A laser may be the only instrument your dentist will need to repair your teeth in the future.
Researchers at Harvard have discovered a way to use noninvasive laser therapy to prompt stem cells to regenerate dental tissue, according to a new study published in Science Translational Medicine.
The idea is to use non-ionizing, low-power laser (LPL) treatment to rebuild dentin, the bone-like tissue found in teeth.
"It was a matter of connecting the dots," David J. Mooney, a core faculty member at the Wyss Institute for Biologically Inspired Engineering at Harvard, told CBS News.
The key connection was the regulatory cell protein called transforming growth factor beta-1 (TGF-β1).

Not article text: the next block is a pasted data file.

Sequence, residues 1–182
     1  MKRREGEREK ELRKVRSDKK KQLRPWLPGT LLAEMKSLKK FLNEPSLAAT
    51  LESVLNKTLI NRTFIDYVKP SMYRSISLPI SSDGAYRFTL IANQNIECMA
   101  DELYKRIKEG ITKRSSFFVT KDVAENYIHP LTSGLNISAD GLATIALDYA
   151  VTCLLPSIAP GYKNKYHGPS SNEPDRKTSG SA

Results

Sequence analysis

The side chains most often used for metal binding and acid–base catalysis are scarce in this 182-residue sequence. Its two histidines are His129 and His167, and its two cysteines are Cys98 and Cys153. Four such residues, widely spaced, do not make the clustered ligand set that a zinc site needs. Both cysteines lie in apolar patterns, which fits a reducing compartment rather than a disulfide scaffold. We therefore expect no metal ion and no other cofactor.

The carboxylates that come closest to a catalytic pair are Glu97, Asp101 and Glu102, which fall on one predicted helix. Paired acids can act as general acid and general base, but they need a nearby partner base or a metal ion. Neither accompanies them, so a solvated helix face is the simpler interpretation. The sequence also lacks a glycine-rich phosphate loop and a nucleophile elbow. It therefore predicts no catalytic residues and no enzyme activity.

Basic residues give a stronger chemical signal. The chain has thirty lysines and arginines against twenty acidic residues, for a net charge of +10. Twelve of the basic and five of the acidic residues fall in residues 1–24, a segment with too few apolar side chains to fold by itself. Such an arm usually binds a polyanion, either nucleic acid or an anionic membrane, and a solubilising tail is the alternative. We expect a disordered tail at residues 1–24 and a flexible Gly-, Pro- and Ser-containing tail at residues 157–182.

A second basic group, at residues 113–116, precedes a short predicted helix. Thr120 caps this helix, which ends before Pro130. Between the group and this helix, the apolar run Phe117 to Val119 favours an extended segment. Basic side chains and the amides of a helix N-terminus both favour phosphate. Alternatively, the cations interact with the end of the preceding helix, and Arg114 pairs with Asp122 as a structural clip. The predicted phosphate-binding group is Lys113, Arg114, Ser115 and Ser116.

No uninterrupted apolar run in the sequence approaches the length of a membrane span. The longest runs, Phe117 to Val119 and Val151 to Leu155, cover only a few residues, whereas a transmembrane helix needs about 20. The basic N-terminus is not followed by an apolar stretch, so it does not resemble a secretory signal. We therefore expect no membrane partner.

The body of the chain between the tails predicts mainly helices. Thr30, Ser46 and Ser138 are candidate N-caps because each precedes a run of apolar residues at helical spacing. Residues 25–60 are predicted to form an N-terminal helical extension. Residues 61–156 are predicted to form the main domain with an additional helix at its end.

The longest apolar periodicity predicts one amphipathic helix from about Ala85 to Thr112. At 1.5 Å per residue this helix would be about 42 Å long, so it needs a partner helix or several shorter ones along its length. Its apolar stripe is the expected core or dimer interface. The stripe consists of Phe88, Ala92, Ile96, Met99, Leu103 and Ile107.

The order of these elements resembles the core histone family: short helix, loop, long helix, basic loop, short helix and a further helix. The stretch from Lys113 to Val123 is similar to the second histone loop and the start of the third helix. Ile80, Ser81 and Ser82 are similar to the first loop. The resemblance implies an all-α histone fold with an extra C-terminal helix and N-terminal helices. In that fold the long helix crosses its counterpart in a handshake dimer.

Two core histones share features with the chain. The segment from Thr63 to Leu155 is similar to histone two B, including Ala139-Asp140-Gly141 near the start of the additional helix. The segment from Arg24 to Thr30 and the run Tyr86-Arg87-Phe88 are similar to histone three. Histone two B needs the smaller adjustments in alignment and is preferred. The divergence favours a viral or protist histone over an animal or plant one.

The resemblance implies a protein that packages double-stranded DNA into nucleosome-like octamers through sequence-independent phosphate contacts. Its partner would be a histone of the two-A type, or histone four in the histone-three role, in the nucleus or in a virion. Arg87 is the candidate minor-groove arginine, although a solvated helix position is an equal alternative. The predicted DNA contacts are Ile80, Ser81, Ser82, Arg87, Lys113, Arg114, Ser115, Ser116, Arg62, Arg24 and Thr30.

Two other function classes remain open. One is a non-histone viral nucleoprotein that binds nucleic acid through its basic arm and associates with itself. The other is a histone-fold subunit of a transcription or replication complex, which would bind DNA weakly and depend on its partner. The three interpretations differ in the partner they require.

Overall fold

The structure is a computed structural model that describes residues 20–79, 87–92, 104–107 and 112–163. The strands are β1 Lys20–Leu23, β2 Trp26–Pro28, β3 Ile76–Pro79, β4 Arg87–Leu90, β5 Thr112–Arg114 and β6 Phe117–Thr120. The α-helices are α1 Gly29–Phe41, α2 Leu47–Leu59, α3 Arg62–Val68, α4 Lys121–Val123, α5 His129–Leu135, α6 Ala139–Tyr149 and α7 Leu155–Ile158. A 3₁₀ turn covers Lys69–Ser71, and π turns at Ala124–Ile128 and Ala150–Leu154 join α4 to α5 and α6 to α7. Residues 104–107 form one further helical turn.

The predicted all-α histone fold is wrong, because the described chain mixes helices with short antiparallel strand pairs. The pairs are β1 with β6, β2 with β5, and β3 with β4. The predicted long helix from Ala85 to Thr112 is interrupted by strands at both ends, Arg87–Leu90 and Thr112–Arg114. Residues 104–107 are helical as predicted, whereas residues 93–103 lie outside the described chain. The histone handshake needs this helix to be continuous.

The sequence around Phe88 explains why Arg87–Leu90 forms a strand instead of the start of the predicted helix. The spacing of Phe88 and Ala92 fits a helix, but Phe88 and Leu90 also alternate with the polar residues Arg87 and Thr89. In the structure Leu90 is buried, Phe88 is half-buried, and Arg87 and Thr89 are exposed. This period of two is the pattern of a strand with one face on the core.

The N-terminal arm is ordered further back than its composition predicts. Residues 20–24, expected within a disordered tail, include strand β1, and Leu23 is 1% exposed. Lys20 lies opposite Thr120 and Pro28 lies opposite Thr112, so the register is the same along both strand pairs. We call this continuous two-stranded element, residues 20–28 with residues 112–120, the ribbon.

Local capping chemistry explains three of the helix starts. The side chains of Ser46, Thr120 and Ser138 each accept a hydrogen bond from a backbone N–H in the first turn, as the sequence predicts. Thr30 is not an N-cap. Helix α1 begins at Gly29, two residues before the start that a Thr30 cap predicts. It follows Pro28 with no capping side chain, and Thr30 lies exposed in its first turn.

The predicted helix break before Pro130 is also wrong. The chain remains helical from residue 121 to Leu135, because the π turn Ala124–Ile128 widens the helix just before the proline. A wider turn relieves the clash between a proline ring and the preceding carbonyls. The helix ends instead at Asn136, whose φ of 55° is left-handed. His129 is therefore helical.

During the study, the team tested their findings on rodents by drilling holes in their molars and using laser therapy to trigger dentin formation.
Throughout their testing, they found that (TGF-β1) was a key factor in triggering the tissue regeneration in the course of 12 weeks.
The next step in the research is to begin clinical trials on humans.
"The scientific community is actively exploring a host of approaches to using stem cells for tissue regeneration efforts," Wyss Institute Founding Director Don Ingber said in a news release. "Dave and his team have added an innovative, noninvasive and remarkably simple but powerful tool to the toolbox."
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